About the quality of the medical act, during a coffee break with Xavier Bosch-Capblanch

At the beginning of June, the Moldovan health system had the opportunity to discuss one of the most complex concepts of the medical act - the quality. 65 managers and family doctors have analyzed this issue at the workshop "Concepts and approaches on the quality in primary medical care" provided by the Swiss expert on quality of care at the Swiss Institute of Tropical Diseases and Public Health, Xavier Bosch-Capblanch. And because the exchange of views and perceptions left room for another series of quality workshops, planned for this fall, we asked Xavier to keep the flame of interest alive, answering a few questions.

We invite you to rediscover the world of quality while being on a coffee break with Xavier Bosch-Capblanch, a Swiss healthcare expert.

Healthy Life Project: What is the quality in Primary Health Care?

Xavier Bosch-Capblanch: Nowadays, everyone understands quality as a integral component of any health care activity. It is not optional or an "add on". We all do things with a certain level of quality and we all should strive to achieve the best quality with the resources we have. We have to consider that there is overwhelming evidence linking "poor quality of care" with mortality. This is not always seen, mainly because we tend not to measure and analyse our failures or their consequences. We can summarise saying that quality is an integral part of any modern health care delivery system.

Healthy Life Project: How can we improve quality in Primary Health Care?

Xavier Bosch-Capblanch: The only way of improving quality is doing "more" of what works well and doing "less" of what does not work or harms. Interventions to improve quality have to be based on strong evidence, in the same way that we require strong evidence to recommend a medication or a vaccine. Many interventions seem to work, but when we analyse their effects and harms, they do not look so good. Think for example on certain health care financing interventions that seem very reasonable but that risk leaving vulnerable populations without access to services. For example, in some countries it has been shown that out of pocket payments for health care increased funding of services but was a barrier for some people to access services. Interventions can take place at each level, from central level (for example, producing clinical guidelines) to community level (for example, introducing patients’ feed-back mechanisms); but commitment from high level managers and politicians to support quality of care is paramount for these interventions to work.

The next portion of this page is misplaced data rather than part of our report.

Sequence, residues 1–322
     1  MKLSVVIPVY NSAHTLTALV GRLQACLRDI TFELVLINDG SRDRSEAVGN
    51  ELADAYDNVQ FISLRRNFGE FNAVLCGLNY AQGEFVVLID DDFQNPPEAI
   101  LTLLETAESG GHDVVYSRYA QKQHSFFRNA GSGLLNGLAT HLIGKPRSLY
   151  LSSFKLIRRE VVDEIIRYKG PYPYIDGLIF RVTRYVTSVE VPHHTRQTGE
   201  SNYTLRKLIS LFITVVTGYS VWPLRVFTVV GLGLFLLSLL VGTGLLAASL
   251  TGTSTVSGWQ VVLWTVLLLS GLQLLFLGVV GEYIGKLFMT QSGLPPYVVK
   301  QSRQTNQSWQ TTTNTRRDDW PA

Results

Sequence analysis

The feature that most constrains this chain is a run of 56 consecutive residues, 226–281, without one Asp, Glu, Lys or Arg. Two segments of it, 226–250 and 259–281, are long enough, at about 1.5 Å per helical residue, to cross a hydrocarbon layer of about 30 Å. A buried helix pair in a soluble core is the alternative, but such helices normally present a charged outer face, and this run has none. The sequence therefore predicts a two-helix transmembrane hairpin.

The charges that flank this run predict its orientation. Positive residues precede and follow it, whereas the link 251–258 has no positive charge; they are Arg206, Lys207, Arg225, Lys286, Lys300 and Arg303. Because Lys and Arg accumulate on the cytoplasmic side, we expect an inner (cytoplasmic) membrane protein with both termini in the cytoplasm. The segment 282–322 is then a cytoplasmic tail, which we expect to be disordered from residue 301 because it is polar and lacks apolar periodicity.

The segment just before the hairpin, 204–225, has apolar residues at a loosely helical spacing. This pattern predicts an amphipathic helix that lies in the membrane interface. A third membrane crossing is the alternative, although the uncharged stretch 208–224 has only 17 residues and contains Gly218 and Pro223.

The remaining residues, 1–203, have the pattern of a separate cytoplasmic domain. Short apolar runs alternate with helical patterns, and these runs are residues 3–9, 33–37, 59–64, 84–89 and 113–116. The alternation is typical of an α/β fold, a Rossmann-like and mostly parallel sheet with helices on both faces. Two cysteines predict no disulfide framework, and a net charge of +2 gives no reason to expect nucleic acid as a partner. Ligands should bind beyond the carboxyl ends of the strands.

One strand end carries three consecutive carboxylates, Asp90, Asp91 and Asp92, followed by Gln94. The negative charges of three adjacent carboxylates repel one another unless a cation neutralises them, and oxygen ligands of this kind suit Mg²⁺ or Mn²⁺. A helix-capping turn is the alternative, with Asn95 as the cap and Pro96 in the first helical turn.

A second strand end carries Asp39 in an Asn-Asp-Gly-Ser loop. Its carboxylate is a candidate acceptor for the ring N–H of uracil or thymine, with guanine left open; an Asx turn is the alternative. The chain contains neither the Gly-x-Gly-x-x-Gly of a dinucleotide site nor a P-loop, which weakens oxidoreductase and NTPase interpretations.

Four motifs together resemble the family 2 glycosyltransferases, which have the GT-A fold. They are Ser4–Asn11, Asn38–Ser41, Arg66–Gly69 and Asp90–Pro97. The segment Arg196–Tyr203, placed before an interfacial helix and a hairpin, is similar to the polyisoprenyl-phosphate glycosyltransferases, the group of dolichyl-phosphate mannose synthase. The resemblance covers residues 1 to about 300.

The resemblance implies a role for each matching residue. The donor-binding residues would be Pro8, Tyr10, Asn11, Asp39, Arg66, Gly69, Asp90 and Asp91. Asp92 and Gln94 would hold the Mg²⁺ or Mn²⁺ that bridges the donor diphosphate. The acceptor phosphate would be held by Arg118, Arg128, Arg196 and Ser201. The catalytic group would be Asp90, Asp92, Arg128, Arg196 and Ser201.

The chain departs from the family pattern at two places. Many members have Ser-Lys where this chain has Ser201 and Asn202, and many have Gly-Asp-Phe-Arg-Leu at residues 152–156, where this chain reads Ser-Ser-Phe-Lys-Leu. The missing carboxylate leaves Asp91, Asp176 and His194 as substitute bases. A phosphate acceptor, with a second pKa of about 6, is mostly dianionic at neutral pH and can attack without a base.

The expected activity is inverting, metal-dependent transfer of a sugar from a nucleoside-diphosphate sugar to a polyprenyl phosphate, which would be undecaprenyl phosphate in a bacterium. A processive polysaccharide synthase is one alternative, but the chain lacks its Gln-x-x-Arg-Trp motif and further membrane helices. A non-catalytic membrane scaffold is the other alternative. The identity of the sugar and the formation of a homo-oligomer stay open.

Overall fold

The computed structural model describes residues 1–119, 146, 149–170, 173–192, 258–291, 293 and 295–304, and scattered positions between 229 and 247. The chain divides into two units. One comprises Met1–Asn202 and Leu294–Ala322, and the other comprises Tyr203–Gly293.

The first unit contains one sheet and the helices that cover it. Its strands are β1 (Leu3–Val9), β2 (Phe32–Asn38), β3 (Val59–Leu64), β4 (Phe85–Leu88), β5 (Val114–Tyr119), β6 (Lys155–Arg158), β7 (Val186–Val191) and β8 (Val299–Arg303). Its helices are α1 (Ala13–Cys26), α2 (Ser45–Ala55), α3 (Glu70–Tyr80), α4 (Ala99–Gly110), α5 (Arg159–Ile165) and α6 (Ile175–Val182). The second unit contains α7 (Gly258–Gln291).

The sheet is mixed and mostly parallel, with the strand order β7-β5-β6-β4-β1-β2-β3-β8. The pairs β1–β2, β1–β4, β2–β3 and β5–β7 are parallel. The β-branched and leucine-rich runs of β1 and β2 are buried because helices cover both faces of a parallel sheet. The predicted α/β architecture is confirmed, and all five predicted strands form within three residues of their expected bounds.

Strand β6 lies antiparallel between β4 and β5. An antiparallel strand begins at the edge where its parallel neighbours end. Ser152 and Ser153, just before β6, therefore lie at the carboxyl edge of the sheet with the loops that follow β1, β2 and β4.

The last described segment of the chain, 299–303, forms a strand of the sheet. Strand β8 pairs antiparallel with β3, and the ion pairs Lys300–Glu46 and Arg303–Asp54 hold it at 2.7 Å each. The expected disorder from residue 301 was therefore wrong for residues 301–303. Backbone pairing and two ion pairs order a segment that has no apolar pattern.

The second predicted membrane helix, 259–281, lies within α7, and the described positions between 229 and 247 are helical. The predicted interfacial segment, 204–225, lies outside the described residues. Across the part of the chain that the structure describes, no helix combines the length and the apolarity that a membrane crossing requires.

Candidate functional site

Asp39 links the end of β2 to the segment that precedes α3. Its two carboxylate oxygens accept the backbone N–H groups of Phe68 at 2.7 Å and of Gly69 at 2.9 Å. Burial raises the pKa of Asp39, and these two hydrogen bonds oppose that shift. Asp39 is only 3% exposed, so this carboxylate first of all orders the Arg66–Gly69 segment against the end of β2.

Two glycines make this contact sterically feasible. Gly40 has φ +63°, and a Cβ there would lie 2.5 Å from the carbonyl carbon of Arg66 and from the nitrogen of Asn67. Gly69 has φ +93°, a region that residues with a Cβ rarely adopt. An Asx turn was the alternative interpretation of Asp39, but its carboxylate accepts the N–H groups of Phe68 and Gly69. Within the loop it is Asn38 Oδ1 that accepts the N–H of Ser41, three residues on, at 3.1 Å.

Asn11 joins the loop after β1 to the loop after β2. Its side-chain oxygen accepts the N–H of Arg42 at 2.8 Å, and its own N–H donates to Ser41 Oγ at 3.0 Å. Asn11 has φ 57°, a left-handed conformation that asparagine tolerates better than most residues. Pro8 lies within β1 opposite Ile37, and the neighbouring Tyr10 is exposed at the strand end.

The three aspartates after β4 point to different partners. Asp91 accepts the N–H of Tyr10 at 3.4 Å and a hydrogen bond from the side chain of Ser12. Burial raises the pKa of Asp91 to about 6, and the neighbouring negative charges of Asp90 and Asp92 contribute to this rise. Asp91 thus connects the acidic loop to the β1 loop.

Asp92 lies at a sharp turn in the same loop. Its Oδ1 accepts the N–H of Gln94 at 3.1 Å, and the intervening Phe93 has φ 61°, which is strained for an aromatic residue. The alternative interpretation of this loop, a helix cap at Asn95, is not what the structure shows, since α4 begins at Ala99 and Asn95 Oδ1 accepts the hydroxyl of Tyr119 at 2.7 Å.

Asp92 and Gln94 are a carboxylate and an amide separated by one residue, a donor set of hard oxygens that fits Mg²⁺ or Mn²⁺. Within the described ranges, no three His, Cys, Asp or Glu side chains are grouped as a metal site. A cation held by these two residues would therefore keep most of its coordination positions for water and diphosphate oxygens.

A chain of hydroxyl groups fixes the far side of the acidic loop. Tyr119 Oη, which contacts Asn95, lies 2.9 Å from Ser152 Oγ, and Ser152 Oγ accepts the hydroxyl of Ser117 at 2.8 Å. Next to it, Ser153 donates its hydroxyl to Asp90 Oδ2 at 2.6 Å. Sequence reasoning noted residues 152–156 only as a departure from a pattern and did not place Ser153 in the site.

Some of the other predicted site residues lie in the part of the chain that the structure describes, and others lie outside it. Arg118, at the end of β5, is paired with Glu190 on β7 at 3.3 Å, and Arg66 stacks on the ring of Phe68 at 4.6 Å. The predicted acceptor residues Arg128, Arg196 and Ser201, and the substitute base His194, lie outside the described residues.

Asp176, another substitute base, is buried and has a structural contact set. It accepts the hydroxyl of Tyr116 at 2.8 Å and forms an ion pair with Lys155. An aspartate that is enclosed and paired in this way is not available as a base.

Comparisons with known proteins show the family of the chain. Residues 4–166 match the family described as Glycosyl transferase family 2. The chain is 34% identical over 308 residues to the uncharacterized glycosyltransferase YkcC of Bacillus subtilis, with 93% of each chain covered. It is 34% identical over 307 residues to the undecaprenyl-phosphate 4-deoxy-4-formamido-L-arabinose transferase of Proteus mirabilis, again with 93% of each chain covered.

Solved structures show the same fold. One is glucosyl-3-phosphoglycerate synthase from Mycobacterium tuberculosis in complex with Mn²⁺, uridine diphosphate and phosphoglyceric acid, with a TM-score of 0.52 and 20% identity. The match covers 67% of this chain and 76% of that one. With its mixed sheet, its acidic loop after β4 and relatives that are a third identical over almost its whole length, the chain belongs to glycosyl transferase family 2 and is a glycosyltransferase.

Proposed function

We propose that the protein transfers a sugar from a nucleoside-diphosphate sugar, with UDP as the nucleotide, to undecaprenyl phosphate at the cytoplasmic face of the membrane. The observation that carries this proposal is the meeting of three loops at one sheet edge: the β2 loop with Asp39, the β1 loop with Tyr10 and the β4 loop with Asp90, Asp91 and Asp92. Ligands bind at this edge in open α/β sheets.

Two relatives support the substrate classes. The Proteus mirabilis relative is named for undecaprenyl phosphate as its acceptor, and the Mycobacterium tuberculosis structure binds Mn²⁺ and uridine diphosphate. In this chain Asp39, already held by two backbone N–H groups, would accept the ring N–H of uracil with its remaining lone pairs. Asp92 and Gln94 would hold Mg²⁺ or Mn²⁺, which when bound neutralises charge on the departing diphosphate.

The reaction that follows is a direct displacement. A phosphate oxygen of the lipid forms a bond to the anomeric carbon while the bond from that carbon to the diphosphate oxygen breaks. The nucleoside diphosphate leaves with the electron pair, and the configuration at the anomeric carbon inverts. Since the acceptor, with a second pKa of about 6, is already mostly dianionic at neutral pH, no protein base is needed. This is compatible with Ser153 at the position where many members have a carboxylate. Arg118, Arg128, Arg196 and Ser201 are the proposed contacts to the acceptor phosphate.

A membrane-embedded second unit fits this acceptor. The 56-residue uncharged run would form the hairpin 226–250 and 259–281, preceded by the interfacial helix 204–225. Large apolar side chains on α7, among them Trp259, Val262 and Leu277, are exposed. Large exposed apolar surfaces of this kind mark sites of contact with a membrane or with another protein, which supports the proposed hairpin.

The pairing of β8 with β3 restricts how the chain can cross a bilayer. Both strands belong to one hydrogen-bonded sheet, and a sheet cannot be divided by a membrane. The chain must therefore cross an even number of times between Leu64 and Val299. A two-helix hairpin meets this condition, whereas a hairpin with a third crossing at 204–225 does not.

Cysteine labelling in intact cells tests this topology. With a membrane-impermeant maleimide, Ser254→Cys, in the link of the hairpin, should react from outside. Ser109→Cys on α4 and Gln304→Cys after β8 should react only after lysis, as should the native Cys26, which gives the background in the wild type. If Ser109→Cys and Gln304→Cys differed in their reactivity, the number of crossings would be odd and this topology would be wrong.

Healthy Life Project: What are the basic principles of quality in Primary Health Care?

Xavier Bosch-Capblanch: There are four basic principles. (1) Each country has to come up with its own definition of quality, adapted to the reality in a given situation. "One size fits all" does not work for quality. (2) The definition has to be concretised in dimensions; for example: access, acceptability, user-friendliness, efficacy... These are the dimensions that we can measure to assess quality. (3) Quality equally takes into account all perspectives in health care: policy makers, those who pay the services, health care providers and patients. It is capital that health care is patient-centred. (4) Quality has to be based on the best available evidence. It is not about 'inventing' things or doing things that look ok. We need to be serious about quality because it can cause death.

Healthy Life Project: What is your first impression about the level of quality in Primary Health Care, since you have visited some Health Centers in the Republic of Moldova, and talked with the doctors and nurses that influence quality in institution?

Xavier Bosch-Capblanch: I cannot issue an opinion about quality of Primary Health Care in Moldova, because my experience is very limited. What I have seen is very committed people, with a lot of knowledge and ideas to learn from, and who have achieved remarkable progress in the country, as can be seen by the evolution of the national health indicators over the past years. I have been privileged to share my experience and learn about the Moldovan experience from family doctors, from staff working in managerial and policy making positions and from the Viata Sanatoasa project staff, particularly Ala Curteanu and Natalia Zarbailov. All my gratitude to them.

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